A chart showing the total return of Alexandria Real Estate Equities (ARE) from 2011 to 2020.

The company has done this for a long time and shareholder have seen a return over the past decade alone of 231.95%. And this includes a tax-advantaged dividend yielding 2.49%.

Buy it as a pick-and-shovel biotech company in a taxable account.

Hercules Capital (HTGC)

Next is a company that, if you search my articles, you’ll find a collection of them about Hercules Capital. I’ve known and followed this company for a very long time. It is set up as a business development company (BDC) that provides the ability to avoid traditional corporate income taxes while providing more cash for the big dividend.

But what you’ll care about it that is operates as a venture capital company (VC). It has specialized teams that know the brainiacs in all sorts of tech fields including life science/biotech. And it provides finance to them along with taking equity stakes so that if and when they have an exit strategy in an initial public offering (IPO) a special purpose acquisition corporation (SPAC) or a plain old buyout — it gets a reward.

A chart showing the total return of Hercules Capital (HTGC) from 2011 to 2020.

Investors keep getting paid its monster dividend and reaping gains with the past decade alone seeing a return of 244.80%.

Buy this company as a VC portfolio of well-curated biotechs with lots of income along the way in a taxable account.

Merck (MRK)

Ok, Merck is a biggie company that might not be a nimble as a small-fry biotech. But it has lots of experience in knowing how to fail. And it has deep pockets to fund failures. And it has great products now and a pipeline of stuff in its labs.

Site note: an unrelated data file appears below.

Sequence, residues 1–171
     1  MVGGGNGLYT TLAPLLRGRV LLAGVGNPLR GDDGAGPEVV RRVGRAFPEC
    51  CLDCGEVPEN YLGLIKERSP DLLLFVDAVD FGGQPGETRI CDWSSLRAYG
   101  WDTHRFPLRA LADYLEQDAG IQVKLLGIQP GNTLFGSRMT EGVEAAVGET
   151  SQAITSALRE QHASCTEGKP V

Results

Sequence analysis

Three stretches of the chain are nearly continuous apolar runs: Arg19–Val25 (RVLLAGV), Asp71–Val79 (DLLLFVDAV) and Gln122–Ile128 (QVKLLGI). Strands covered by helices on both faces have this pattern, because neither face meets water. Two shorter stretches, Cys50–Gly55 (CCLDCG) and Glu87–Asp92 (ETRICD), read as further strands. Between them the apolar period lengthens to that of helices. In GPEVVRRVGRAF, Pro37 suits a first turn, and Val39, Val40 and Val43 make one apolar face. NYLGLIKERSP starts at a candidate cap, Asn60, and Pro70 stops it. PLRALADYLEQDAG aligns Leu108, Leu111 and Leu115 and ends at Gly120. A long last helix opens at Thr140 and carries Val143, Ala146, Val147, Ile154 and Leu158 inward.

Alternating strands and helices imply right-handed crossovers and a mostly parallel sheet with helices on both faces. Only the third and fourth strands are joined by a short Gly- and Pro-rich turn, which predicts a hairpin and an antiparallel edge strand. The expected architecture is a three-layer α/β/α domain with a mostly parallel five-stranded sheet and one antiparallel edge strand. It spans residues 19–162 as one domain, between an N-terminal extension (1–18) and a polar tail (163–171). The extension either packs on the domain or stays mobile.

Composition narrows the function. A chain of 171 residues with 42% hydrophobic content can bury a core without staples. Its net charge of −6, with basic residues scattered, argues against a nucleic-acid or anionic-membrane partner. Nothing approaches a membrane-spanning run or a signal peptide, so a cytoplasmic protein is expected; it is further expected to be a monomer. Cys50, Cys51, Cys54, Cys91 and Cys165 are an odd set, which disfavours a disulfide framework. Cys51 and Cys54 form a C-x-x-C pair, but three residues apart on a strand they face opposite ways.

Buy Merck because it gets you into this market of brainiacs and proven financial guys that control if and when money gets invested in the potential next new-new thing in biotech.

Revenue keeps climbing, with the trailing year seeing a gain of 10.7%. it has excellent operating margins — meaning that it has controls over costs equating to a level of 24.8%. And this works to feed a remarkable return on shareholder’s actual equity investment running at 41.10%.

A chart showing the total return of Merck (MRK) from 2011 to 2020.

Shareholders continue to get a good return delivered to them that over the past decade amounts to 207.20%.

With a shareholder-focused dividend yielding 3.28% it is a buy in a tax-free account.

Zoetis (ZTS)

Guess where Covid-19 came from? While not proven, my scientific friends in China contend that it came from a public wet market with wild animals that passed on the virus as it jumped from animal to human. And H1N1 — again a jump from animal to human. MERS? Animal to human. African Swine Flu (ASF) has already jumped from pigs to people and is now spreading.

Zoetisis the go-to company for animal health. It is the leader in vaccines for livestock and pets, along with all sorts of must-have drugs and other products for both companion animals and livestock.

I found this company after lots of journals and figuring out ASF. And since then, I’ve seen it in action helping my little miniature dachshund, Blue, stay healthy.

A chart showing the total return of Zoetis (ZTS) Total Return from 2013 to 2020.

Zoetis works well, not just in the field but in the financial markets. It has returned 556.15% over the past decade with its laboratory-developed successes.

Revenues keep climbing and it has a great operating margin at 31.4% that in turn works to feed the return on shareholders’ invested equity of 53%.

With its dividend, it is a buy for the front-line of the next era of viruses in a tax-free account.

Vanguard Health Care ETF (VHT)

Now comes the packaged investment that synthetically provides access to a wide collection of biotech and related health companies — an exchange-traded fund, or ETF. The Vanguard Health Care ETF is a leading, liquid and low-cost way into this market in a very efficient manner.

And the proof of the synthetic index way of investing in a technically challenged market for biotech and health is in the ETF’s return. Over the past decade, it has returned 350.7% for an annual equivalent return of 16.24%.

A chart showing the total return of the Vanguard Health Care ETF (VHT) from 2011 to 2020.

While the ETF might not be as exciting as a prospect of an unproven startup with a lab that pitches a promise of big things in the future, it is what is proven to work. Buy it in a tax-free account.